Joy Cowley is a New Zealand author best known for her children’s fiction. In this hilarious poem, farm animals celebrate the marriage of two ducks.
This is the perfect poem to have your 5–6th grade class read aloud, and then have them think about how being around loved ones, particularly on occasions like weddings, makes us all happy.
“What Love Isn’t” by Yrsa Daley-Ward
Yrsa Daley-Ward is a spoken word poet, author, and actress. In this poem, Ward uses figurative language to explore what love is and is not.
After reading about the challenges that one can face in love, have your students debate what they think it takes to succeed in love. As students pose arguments, encourage them to cite from this text, their own experience, and/or other literature, art, or history.
“Sonnet XVII” by Pablo Neruda
Pablo Neruda was the pen name and, later, legal name of the Chilean poet-diplomat and politician Ricardo Eliécer Neftalí Reyes Basoalto. Neruda became famous worldwide for his intense and original poetry, especially his poems about love.This piece by Neruda is passionate and written directly to a loved one, detailing exactly how the speaker feels about them. As your students read, have them ponder about whether they think love feels the same for every person. Does all true love feel like the love the speaker describes?
“Should We Scoff at the Idea of Love at First Sight?” by James Kuzner
Is love at first sight real? That’s the question you’ll be left with after reading this informational text by James Kuzner. The passage discusses humans’ brain chemistry and stories of love and lust to explore the idea of love at first sight.
Is love at first sight real? In this informational text, James Kuzner discusses humans’ brain chemistry and stories of love and lust to explore the idea of love at first sight. Kuzner also refers to the tale of Romeo and Juliet, mentioning that Shakespeare highlights profound passion, intimacy, and commitment as characteristics of true love — and how it doesn’t matter that these feelings might develop quickly between people.
To provide students with more context, show students the related media clip from Romeo and Juliet (1996). Ask students to discuss how the clip from the video conveys the romantic connection between Romeo and Juliet discussed in the text.
“Love Letter” by Jack London
Jack London (1876–1916) was an American author and social activist whose first marriage emerged not of love, but rather of convenience and a mutual desire to raise healthy, upright children. Shortly thereafter, London’s close friendship with fellow writer Anna Strunsky, whose views on social issues were in line with his, developed into an extramarital affair.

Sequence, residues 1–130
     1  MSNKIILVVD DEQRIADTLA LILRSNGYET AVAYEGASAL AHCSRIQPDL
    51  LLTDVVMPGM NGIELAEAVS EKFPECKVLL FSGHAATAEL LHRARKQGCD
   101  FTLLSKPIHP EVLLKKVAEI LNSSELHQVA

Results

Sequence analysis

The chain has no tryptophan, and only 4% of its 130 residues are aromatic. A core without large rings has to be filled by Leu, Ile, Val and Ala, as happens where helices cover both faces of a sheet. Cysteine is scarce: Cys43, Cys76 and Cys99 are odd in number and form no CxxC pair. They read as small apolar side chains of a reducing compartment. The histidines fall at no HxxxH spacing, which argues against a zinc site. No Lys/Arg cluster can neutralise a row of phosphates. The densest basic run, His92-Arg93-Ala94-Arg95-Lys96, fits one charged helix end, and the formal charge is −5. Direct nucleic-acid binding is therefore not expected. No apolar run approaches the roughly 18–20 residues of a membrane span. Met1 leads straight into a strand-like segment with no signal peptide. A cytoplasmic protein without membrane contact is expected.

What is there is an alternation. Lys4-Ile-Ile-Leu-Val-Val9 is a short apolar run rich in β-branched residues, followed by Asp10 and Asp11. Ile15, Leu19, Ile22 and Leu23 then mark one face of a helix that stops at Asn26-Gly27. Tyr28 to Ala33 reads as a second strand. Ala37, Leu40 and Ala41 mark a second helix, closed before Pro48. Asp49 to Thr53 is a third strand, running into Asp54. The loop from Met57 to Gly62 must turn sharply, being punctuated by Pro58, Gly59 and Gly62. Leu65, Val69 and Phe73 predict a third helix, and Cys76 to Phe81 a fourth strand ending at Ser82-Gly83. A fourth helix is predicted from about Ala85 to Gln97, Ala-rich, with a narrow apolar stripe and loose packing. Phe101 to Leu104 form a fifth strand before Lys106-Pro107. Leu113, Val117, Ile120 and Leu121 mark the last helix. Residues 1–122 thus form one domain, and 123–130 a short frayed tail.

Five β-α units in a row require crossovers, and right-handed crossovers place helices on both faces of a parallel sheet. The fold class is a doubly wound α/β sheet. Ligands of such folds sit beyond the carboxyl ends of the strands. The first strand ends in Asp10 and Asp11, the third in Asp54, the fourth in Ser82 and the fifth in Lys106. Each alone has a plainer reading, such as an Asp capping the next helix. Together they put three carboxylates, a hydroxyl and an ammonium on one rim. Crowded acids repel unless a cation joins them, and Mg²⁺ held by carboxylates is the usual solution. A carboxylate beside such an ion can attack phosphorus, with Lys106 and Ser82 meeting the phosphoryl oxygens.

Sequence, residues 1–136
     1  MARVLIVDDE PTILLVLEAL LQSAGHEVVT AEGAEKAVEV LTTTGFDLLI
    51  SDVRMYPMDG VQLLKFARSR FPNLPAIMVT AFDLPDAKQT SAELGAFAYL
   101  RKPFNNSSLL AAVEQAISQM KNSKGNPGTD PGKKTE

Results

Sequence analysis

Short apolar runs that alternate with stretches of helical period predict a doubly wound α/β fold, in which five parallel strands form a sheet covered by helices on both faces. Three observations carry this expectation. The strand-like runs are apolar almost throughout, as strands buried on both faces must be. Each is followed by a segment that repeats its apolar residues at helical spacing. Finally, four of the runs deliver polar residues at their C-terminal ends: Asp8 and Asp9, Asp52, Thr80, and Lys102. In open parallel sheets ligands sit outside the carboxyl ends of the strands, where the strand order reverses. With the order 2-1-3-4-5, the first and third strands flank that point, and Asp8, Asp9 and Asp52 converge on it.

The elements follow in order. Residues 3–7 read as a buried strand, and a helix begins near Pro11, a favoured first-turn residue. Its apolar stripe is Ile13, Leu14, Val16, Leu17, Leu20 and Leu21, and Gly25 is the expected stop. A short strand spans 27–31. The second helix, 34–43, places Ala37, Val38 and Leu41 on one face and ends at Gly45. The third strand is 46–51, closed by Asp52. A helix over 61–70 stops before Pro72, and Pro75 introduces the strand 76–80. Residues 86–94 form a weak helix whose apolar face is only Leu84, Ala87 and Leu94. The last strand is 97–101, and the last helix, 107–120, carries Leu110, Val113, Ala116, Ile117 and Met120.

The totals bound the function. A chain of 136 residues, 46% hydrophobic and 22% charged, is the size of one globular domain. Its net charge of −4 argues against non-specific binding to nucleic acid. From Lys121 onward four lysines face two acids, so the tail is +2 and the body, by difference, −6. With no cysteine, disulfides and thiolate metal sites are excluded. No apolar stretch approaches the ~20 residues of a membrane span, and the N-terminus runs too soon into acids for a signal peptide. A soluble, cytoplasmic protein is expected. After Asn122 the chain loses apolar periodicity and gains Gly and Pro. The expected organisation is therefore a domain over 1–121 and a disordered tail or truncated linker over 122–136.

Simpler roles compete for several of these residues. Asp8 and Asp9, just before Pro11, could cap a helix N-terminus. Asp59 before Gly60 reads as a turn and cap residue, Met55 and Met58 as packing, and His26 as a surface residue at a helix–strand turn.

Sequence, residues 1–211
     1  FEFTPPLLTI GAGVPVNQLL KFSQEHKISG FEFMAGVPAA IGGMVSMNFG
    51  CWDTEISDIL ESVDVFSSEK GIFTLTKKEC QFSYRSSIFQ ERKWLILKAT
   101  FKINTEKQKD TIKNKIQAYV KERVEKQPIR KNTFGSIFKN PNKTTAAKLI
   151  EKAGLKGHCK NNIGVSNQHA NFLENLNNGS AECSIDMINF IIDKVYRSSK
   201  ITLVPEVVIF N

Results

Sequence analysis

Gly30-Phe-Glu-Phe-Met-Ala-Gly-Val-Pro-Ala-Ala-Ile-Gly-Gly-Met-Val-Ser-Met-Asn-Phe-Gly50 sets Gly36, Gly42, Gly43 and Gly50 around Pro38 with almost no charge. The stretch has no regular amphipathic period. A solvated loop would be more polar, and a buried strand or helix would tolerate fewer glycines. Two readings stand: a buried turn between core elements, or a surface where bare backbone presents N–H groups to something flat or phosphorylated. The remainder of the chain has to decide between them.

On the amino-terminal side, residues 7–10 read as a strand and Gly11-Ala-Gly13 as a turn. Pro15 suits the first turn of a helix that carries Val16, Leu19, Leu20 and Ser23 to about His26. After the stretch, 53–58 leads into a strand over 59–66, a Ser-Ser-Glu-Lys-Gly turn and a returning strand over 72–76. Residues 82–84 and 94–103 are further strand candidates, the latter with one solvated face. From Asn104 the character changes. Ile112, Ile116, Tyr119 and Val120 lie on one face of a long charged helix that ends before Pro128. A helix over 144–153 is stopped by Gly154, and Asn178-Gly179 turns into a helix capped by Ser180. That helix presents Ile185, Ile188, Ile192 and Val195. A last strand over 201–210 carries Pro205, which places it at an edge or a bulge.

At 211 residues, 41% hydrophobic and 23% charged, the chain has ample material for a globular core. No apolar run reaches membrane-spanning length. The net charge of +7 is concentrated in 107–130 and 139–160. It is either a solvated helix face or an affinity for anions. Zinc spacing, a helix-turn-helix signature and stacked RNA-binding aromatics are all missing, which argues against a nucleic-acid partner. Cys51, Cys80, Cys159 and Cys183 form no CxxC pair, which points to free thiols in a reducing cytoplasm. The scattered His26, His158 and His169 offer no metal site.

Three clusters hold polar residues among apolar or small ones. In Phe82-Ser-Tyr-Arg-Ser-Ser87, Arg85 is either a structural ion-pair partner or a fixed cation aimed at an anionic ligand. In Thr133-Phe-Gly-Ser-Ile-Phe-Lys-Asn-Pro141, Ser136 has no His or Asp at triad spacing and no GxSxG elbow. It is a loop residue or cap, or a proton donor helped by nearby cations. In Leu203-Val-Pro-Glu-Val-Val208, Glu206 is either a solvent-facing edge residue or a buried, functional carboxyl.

Students’ reactions to this letter will likely differ greatly, considering the scandal surrounding London and Strunsky’s relationship. This would be a great opportunity to set up a class discussion. Ask your students what they believe London’s purpose was in writing this letter; if they received the letter, what would they have thought?
SAT Linked Lessons: Feb 11-15 : Reading, Writing and Math
February 11-February 15
Math Lesson 9- Feb 18
Math Lesson 10- Feb 19
Math Lesson 11- Feb 20
Math Lesson 12- Feb 21
Math Lesson 13- Feb 22 Khan Academy Practice
Reading Lesson 11- Feb 18
Reading Lesson 12- Feb 19
Reading Lesson 13- Feb 20
Reading Lesson 14 Feb 21
Essay Lesson 19: KhanAcademy Practice Day- Feb 22
Mental Logs Number Sticks-A Math Magic Trick
From the web: The Kid Should See This
Ask someone to mix these Mental Logs number sticks up in any combination. Can you figure out the total in your head more quickly than they can add the numbers on a calculator? Yes. In fact, you can probably tell them the total faster than it takes them to enter the first number. How does this math magic trick work?
Mathematician Dr. Katie Steckles demonstrates a simple mental math trick in this Numberphile video: Number Sticks. Buy the Mental Logs magic trickon Amazon, or make your own. How long can you confound your friends, family, and classroom before they figure out how it works?